By Steve Jones
When John Aloisi crashed home a penalty against Uruguay on that unforgettable November night in 2005, it sent 83,000 fans packed into Sydney’s Telstra Stadium into ecstasy and propelled the Socceroos to their first FIFA World Cup for 32 years.
Seven months later an estimated 60,000 Australians descended on Germany to follow the national team on a football adventure that will live long in the memory.
Since then, the FIFA World Cup has become something of a pilgrimage for Aussies, albeit one that only happens every four years, with thousands flocking to South Africa in 2010 and Brazil in 2014.
Indeed, Australia sold more tickets for Brazil — 53,000 — than the footballing powerhouses of Italy, Spain and the Netherlands combined.
We may not be a giant in world football, and it’s far from being our national pastime, but the number of travelling fans underlined what we all know: Australians are rather fond of sport and will travel the length and breadth of the globe to watch it.
If witnessing the cream of the round ball crop has captured the imagination in recent times, the Rugby World Cup has not been far behind. Australia took 55,000 fans to New Zealand in 2011, while VisitBritain reported a 20% increase in arrivals from Australia during the World Cup period in England in 2015. Another huge army of Wallabies fans are expected to make the relatively short trip to Japan in 2019. Such continuing passion for sport spells good news for the burgeoning sports tourism industry.
Renee Riitano, product, brand and event manager at FanFirm which operates Australian Sports Tours, We Love Rugby and the Fanatics, said the World Cups of football, rugby and to a lesser extent cricket, are, unsurprisingly, the most sought after events by sport fans, with the four year interlude between tournaments one of the contributing factors.
“World Cups are the ultimate event that any sports fan wants to go to, and they don’t take place very often so the anticipation builds,” she told travelBulletin. “We start working on all the World Cups two years in advance. It’s the biggest part of our business.
“I think some people regard the Ashes as more important than the Cricket World Cup because of the rivalry. But football and rugby are on a different scale.”
If anything, football outstrips rugby in popularity, in part, Riitano suggested, because the Socceroos rarely pit their wits against the best in the world, unlike their rugby counterparts who line up against the All Blacks, South Africa and other international teams comparatively regularly.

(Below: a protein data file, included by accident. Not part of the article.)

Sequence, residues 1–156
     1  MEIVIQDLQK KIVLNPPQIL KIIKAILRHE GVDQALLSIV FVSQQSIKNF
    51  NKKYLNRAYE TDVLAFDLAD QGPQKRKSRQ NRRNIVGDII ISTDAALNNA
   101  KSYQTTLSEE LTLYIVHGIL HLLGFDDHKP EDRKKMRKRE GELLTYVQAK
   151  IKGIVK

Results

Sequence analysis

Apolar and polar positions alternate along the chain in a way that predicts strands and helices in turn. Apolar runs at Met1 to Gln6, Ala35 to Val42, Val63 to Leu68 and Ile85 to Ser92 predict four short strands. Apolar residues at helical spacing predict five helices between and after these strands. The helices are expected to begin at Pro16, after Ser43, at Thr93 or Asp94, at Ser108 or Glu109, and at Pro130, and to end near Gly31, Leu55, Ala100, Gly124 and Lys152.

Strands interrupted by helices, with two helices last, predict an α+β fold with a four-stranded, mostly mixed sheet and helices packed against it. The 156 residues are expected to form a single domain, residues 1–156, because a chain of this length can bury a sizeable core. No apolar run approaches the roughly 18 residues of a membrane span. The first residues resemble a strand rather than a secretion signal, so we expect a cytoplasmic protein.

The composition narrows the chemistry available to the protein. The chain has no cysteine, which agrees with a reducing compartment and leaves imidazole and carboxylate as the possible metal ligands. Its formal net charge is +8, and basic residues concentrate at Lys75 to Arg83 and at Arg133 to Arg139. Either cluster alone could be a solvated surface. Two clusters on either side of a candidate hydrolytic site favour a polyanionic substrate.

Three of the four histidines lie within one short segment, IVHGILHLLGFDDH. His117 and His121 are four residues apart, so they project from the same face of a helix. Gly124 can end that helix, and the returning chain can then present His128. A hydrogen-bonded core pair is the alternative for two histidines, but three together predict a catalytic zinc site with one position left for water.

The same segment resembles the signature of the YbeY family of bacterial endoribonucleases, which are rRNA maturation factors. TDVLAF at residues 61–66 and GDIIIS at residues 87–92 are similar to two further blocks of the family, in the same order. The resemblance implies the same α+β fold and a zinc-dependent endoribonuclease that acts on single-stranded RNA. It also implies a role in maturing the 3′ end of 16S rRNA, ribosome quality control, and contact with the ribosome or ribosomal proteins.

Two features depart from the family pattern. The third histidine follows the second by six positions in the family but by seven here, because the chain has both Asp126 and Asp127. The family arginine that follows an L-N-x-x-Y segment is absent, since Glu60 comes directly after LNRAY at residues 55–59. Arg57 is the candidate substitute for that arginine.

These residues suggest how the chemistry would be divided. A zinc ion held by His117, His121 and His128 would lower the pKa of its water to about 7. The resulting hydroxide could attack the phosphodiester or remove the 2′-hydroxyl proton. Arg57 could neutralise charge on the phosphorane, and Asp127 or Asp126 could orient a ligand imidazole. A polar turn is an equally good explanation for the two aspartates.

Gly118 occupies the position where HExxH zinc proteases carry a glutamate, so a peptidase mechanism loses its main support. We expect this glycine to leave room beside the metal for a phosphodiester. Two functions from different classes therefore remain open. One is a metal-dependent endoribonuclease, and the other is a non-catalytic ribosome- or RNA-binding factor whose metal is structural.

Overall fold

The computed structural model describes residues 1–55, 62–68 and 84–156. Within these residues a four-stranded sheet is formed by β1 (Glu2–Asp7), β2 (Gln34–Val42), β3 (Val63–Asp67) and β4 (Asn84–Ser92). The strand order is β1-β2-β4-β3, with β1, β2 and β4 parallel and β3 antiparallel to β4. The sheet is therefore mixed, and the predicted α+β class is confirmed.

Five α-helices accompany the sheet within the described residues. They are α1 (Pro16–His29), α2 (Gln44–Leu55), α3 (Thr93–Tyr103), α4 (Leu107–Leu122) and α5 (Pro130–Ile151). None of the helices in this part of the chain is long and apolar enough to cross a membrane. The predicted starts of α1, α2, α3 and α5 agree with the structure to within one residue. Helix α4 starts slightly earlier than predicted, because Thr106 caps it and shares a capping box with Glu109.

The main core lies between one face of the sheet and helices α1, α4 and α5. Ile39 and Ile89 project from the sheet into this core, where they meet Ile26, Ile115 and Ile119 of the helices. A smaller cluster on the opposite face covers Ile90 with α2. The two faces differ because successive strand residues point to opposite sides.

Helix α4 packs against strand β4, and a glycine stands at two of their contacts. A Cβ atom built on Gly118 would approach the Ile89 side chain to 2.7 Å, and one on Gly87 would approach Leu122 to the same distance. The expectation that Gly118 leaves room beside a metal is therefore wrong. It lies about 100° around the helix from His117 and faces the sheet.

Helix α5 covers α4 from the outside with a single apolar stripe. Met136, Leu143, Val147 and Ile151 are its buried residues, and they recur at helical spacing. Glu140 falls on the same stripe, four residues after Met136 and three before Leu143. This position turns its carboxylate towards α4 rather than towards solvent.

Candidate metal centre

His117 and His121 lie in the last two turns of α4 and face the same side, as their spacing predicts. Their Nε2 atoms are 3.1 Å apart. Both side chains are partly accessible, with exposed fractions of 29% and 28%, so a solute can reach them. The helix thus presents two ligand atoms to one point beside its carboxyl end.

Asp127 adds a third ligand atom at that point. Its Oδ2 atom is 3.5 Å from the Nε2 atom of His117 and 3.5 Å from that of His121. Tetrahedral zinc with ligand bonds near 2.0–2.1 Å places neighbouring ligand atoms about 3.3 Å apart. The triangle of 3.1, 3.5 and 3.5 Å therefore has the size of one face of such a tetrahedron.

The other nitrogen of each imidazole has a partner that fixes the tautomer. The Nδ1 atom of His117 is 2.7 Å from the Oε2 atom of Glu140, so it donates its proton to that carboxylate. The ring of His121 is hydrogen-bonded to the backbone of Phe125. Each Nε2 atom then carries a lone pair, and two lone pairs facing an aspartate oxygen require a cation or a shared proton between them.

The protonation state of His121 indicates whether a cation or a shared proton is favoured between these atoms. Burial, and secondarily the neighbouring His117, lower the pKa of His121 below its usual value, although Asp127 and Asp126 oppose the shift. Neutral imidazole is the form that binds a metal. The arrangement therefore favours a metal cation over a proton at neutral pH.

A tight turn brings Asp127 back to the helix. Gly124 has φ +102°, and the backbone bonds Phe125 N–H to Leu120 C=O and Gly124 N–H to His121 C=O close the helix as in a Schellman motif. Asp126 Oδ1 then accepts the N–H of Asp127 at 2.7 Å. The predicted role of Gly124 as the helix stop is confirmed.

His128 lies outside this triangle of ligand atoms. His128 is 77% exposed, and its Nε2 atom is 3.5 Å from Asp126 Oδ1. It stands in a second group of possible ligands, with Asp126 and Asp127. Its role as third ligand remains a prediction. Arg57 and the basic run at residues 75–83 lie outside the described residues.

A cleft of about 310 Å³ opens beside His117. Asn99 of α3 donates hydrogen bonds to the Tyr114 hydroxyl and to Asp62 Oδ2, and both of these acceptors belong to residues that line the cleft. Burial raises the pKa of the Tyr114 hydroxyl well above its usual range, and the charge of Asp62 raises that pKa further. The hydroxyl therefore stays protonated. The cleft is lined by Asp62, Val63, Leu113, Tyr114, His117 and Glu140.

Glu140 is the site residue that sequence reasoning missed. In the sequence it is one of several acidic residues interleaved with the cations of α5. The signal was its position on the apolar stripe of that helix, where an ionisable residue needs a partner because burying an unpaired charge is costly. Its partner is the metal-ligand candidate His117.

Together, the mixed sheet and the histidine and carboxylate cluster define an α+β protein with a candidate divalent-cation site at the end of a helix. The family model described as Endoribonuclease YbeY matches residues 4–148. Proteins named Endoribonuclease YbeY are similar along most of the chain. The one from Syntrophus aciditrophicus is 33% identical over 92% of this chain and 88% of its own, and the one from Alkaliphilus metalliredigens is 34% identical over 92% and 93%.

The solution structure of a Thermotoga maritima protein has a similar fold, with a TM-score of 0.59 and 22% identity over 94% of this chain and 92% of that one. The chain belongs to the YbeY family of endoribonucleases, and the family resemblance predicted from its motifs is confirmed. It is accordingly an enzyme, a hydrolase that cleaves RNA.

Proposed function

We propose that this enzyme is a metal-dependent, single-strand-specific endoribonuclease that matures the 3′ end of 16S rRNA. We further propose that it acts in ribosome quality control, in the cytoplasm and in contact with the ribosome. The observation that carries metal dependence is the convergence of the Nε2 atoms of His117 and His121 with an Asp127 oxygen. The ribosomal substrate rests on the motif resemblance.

Daniel Cecconi, chief operating officer at sport tour operator Sportsnet, singled out the Rugby World Cup as its largest draw. “It’s always big and it’s really exciting to again have a World Cup on our doorstep in Asia Pacific in 2019,” he said.
Sportsnet focuses on events where there is high demand and low supply, Cecconi said, with the company selling upwards of 60 events during the year. And it’s not just the mass market, global events that rev up Australian sports fans.
Motor sport is “really strong”, Cecconi said, with packages to October’s Japan MotorGP — the first time the company has offered the event — already sold out.
“It’s been an overwhelming success,” he said. “The Malaysian and Texas MotorGPs are also really solid.
“We also have Formula One packages in Singapore and Malaysia, which are traditionally popular, and we always take a good number to Monaco. It’s the bucket list Grand Prix for F1 fans.”
Continuing the motor sports theme, Cecconi said it could sell the Isle of Man TT packages “many times over”.
Another event identified by Riitano and Cecconi as a perennial strong seller is the centrepiece of the NFL calendar, the Super Bowl, where tickets are hard to come by. The Wimbledon tennis championship also draws the crowds.
Brand USA Australia and New Zealand director Matt Fletcher described sport as a growing sector for tourism but said it is a desire to experience American culture, rather than a dream to attend a specific event, that is driving interest.
“What we hear most is that it’s not that travellers are hell bent on going to the Superbowl or National Basketball finals, it’s about having a unique Americana experience and going to a game with locals,” he said, adding that more than a quarter of Australian visitors attend a sporting event.
But in an age where sports fans can buy tickets from a variety of sources — both official and unofficial — why would they book packages through a sports operator? The reasons are several, argued Cecconi, not least of which is peace of mind in the knowledge that tickets have been secured from a reputable source.
In addition, Sportsnet aims to provide an “experience” including functions attended by sporting celebrities.
“Every package we offer has some sort of exclusive function or experience,” Cecconi said. “This year alone we must have worked with 30 or 40 celebrities across a large number of sport genres.
“We don’t want to be in the game of selling tickets and accommodation only, we want to be in the sports travel experience game.”
When it comes to participating in sport, golf leads the way with several operators running escorted tours around the world, often timed to coincide with a major tournament.
Bede Hendren, owner and managing director of Teed-Up Golf, said the majority of his 3,000-4,000 clients are motivated more by playing than watching, with the US Masters a notable exception.
“That is the holy grail of golf. That is as much about going to the tournament and walking around Augusta,” he said.
Tours to Ireland, Scotland, Hawaii and South Africa are among the most popular.
“We have grown each year for the past 15 years so it’s a strong area of niche tourism,” Hendren added. “It’s also high end and high margin. Generally our clients are direct and repeat customers but travel agents can make good commission.”